A number of them, including the vice president, Edward Kiwanuka Ssekandi and deputy speaker, Jacob Oulanyah, returned the money.

Yet most parliamentarians remained unrelenting. In a terse press conference, a tough speaking Rebecca Kadaga said “the executive and judiciary will not tell parliament what to do or how to spend the money.”

She implored the MPs to follow her guidelines, while spending the Shs 10 billion, and not those of any other institution.

To put the icing on the cake, days later, Parliament, chaired by Kadaga, entertained a motion condemning President Museveni’s “hostility” towards the House.

From the resounding support the Ibrahim Ssemujju motion received, Parliament, it appeared, had had the last laugh.

Put another way, with the motion, Parliament had drawn the line in the sand and dared anyone to cross it.

Was the president willing to cross the line and start a confrontation with the MPs?

As it turned out, he was. And with gusto.

Stealthily, Museveni started meeting small groups of NRM MPs, cajoling them to see his side.

The meetings also had another sweetener: money.

Little wonder therefore that after these meetings, a group of NRM MPs tabled another motion, this time praising Museveni for his exemplary fight against Covid-19.

It also emerged that the president had authored a letter instructing the Auditor General to audit the Shs 10 billion given to the MPs.

With a stroke of a pen, Museveni had delivered what some people called a technical knockout on parliament from which MPs are yet to recover.

In fact, the clerk to Parliament Jane Kibirige has written to the MPs top provide individual accountability for this money.

So why didn’t Kibirige instead urge the MPs to stick to her boss, Kadaga’s instructions?

Power and money

Two words answer the above question: power and money.

Kibirige, like many Ugandans, knows that every major and minor decision in this country is taken by one person: President Museveni.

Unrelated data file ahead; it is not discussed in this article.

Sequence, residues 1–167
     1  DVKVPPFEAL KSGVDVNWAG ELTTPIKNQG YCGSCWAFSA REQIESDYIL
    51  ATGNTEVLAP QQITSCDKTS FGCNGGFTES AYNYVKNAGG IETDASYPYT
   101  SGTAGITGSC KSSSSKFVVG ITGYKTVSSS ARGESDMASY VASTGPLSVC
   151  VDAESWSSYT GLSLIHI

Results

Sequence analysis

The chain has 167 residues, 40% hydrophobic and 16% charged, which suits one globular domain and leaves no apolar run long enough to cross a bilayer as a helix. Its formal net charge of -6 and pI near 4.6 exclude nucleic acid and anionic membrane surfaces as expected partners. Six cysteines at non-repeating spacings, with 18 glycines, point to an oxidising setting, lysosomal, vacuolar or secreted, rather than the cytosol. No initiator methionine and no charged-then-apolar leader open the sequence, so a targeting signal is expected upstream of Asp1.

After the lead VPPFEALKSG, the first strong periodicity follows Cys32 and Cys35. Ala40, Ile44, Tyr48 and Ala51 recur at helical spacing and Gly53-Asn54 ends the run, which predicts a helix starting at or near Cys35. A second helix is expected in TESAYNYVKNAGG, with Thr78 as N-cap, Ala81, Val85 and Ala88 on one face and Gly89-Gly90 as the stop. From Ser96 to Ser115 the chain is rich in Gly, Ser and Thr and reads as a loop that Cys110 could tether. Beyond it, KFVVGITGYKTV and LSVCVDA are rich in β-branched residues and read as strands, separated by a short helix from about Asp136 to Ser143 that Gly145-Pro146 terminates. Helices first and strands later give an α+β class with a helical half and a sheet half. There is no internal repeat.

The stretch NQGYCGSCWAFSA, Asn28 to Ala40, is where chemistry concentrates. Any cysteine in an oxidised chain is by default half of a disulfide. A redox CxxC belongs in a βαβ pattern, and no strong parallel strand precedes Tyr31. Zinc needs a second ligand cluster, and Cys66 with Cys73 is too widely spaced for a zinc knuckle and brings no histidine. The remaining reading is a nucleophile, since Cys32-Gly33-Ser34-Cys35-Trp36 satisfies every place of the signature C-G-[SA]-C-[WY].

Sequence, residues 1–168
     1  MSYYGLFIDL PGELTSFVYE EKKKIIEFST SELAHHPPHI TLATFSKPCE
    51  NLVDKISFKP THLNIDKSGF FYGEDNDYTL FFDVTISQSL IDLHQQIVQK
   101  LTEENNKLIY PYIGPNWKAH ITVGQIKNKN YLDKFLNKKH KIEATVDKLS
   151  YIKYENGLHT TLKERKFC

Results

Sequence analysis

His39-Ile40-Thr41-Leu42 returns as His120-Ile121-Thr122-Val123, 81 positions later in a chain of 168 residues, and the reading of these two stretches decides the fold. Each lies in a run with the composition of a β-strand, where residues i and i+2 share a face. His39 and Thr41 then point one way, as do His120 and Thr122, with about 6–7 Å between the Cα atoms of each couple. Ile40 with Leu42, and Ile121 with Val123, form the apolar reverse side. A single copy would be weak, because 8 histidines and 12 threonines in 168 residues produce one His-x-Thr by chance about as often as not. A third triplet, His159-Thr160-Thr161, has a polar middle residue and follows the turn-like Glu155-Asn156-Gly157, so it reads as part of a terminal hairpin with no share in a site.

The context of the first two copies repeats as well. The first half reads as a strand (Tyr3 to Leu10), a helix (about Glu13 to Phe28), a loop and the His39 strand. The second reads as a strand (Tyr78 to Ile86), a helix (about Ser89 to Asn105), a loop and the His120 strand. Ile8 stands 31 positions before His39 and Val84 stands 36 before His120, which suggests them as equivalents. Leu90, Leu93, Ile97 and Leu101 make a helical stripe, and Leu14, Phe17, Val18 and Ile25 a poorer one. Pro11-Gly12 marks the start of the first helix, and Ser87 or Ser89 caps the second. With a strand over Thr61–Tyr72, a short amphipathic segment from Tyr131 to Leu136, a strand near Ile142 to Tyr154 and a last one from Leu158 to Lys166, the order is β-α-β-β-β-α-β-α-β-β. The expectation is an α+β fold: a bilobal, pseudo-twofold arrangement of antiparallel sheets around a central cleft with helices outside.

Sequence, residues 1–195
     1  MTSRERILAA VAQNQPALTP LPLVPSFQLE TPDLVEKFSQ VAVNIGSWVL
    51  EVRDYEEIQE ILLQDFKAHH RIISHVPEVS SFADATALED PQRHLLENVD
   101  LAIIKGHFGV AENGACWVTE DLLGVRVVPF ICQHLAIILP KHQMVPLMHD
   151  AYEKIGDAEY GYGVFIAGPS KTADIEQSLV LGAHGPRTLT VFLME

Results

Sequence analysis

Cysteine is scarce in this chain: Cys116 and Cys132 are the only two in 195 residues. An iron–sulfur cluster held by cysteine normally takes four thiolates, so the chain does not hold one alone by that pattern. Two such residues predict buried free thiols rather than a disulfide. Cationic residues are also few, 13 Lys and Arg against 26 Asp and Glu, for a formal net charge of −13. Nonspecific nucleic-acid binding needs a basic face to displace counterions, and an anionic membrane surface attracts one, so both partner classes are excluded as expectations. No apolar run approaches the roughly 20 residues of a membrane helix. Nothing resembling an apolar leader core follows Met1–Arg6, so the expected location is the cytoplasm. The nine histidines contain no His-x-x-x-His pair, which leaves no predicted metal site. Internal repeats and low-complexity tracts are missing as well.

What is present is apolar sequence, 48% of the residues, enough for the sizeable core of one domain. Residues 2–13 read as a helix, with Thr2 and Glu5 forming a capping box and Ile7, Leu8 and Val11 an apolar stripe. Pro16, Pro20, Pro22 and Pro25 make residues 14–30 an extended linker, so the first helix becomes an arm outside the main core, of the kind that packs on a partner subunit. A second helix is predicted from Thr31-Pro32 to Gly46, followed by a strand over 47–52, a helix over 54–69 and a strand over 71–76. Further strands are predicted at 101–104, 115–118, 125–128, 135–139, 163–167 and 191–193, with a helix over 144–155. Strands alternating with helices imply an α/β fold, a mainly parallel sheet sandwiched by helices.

This is simply because the constitution vests a lot of powers in the presidency.

Without Museveni’s blessing or influence, a hitherto unknown administrator at Mbarara University of Science and Technology (MUST) that Kibirige was, would never have occupied the lofty office she does at Parliament.

Neither would some of the NRM MPs be in parliament who are throwing barbs at him.

That is why in the fight over this Covid-19 cash, Museveni was in position to deploy an array of weapons to neutralize the vocal MPs.

The first was intimidation and sowing fear in them.

The second was cash that he reportedly dangled before some of them.

In dealing with MPs over the years, President Museveni has largely favoured the second option although when push comes to shove (like during the heated debate on the removal of the age-limit) a mixture of the two options comes in handy.

Talk in the corridors of power is that a number of NRM MPs last week pocketed Shs 40 million thanks to this controversy.

More money is likely to change hands as the country nears the 2021 elections.

And Museveni knows that our highly indebted MPs will never pass up an opportunity to get a bit of money.

Some still need his influence to guarantee re-election in 2021.

As for the opposition MPs, Museveni decided long ago that as long as their numbers remain small, they don’t pose much trouble to his political fortunes.

They can bark at him, pass motions to disparage him or threaten to impeach him.

But for the time being, there can only be one outcome: Museveni will come out on top.